Yvonne Rainer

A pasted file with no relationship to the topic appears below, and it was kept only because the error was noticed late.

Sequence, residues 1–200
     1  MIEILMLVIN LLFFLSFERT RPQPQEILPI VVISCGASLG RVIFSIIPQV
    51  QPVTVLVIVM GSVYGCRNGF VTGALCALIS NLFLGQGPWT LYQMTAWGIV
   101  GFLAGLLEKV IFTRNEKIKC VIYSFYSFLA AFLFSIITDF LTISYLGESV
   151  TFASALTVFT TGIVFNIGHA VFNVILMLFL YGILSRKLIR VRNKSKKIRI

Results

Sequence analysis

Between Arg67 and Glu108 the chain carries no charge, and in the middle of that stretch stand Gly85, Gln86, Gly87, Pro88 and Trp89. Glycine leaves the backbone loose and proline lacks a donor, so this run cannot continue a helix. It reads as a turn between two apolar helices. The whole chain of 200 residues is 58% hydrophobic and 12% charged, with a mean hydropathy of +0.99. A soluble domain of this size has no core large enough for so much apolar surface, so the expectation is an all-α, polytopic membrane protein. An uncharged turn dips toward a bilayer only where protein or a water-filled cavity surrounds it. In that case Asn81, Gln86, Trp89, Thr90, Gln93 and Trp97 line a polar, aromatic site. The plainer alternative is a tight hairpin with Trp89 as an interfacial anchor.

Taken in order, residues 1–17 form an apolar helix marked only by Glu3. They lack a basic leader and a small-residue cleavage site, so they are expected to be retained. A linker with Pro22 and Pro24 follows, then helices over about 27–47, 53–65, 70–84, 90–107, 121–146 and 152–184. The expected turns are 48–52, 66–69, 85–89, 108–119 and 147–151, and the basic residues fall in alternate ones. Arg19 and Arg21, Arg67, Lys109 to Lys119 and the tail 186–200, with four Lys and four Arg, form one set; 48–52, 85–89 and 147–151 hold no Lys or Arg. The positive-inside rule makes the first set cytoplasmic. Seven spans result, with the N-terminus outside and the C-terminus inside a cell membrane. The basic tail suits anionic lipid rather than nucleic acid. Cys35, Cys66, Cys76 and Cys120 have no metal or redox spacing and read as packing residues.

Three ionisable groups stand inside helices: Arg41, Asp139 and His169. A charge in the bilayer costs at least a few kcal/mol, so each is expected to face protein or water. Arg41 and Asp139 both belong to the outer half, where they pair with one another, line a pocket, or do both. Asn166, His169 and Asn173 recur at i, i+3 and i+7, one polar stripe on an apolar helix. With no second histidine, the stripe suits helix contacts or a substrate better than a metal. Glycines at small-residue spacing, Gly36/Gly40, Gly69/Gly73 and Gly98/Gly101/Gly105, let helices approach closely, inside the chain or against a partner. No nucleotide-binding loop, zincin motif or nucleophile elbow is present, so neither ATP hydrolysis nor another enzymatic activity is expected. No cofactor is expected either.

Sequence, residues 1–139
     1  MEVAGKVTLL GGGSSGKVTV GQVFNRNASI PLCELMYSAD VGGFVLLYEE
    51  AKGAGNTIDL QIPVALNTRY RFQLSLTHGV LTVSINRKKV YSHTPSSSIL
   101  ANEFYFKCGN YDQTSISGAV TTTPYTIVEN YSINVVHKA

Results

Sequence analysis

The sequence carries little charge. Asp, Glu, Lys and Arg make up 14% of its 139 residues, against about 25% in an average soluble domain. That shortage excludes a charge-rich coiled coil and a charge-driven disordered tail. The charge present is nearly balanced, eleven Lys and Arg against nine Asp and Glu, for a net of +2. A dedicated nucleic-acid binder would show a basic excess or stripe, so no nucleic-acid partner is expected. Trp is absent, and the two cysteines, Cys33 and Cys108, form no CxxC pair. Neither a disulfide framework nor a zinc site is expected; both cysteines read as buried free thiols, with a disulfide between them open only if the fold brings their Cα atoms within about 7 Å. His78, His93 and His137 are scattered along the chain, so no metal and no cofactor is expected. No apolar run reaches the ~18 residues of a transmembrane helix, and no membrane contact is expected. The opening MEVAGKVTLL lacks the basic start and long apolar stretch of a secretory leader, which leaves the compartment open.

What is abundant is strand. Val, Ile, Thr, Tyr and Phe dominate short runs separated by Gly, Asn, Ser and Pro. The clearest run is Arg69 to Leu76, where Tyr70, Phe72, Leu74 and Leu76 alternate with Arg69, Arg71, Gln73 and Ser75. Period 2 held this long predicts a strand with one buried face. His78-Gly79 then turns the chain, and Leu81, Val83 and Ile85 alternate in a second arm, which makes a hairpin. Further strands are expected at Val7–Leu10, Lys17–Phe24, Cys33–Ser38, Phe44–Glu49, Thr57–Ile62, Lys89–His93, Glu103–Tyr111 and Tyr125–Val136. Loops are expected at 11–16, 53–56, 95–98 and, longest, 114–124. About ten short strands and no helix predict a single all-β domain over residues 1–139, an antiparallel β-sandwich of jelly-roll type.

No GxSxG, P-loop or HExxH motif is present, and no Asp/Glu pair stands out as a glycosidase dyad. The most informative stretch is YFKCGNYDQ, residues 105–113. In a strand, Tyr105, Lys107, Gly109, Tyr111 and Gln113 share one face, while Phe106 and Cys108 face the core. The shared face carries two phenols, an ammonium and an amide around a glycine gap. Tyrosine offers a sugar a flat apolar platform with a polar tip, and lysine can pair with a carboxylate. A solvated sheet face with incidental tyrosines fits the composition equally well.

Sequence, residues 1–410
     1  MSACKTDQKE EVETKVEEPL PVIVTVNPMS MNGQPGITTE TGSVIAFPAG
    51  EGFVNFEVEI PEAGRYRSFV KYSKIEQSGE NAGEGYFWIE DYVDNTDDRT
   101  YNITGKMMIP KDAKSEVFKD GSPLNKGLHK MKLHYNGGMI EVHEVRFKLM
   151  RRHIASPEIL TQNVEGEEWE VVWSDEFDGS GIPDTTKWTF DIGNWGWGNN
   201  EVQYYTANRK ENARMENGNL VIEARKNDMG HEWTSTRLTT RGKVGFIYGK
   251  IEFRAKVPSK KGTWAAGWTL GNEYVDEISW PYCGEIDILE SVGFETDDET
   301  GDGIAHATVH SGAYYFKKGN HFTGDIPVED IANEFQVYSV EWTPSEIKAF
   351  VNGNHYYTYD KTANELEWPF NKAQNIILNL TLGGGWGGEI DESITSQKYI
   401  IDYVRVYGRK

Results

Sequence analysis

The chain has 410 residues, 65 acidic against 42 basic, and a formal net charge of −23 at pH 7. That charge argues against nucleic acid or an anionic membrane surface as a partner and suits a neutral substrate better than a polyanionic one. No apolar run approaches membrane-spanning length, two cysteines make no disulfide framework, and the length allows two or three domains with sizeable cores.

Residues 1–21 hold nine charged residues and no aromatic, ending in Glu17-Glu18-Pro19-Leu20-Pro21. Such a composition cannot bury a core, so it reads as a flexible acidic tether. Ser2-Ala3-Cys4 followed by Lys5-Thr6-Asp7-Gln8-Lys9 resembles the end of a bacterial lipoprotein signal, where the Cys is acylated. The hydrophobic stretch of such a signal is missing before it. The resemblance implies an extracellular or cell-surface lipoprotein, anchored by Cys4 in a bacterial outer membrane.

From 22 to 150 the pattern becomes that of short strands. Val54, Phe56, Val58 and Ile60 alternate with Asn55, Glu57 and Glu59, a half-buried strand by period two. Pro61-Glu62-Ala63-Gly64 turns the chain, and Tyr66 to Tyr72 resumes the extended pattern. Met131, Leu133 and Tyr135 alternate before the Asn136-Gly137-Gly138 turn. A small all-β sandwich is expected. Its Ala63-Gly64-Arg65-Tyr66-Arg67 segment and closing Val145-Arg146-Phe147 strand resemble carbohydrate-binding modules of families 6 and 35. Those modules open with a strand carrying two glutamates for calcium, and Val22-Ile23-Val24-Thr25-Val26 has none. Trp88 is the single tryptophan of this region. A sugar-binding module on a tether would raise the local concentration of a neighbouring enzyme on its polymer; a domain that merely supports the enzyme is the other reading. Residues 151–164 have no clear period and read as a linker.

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Yvonne Rainer was born in San Francisco in 1934. She trained as a modern dancer in New York from l957 and began to choreograph her own work in l960. She was one of the founders of the Judson Dance Theater in l962, the genesis of a movement that proved to be a vital force in modern dance in the following decades. Some of her better known dances and theater pieces are "Terrain" (1963),"The Mind is a Muscle" (1968), "Continuous Project-Altered Daily" (1969-70), and "This is the story of a woman who..." (1973), and "After Many a Summer Dies the Swan" (2000, commissioned by the Baryshnikov Dance Foundation). Rainer's films deal with a number of aesthetic and social issues, such as melodrama, menopause, racism, political violence, sexual identity, and notions of disease. Her films have been shown at major international film festivals. Her most recent bookó"A Woman Who...: Essays, Interviews, Scripts" ó was published by Johns Hopkins University Press, 1999. In 2002 the Rosenwald-Wolf Gallery in Philadelphia mounted a Rainer exhibition consisting of video installations, film screenings, and dance photos and memorabilia. Rainer is the recipient of a number of awards, including two Guggenheim Fellowships and a MacArthur Fellowship. Since 1972 Rainer has completed seven feature-length films, beginning with "Lives of Performers" and more recently "Privilege" (1990, winner of the Filmmakers' Trophy at the l99l Sundance Film Festival, Park City, Utah, and the Geyer Werke Prize at the l99l International Documentary Film Festival in Munich), and "MURDER and murder" (1996, winner of the Teddy Award at the 1997 Berlin Film Festival and Special Jury Award at the 1999 Miami Lesbian and Gay Film Festival).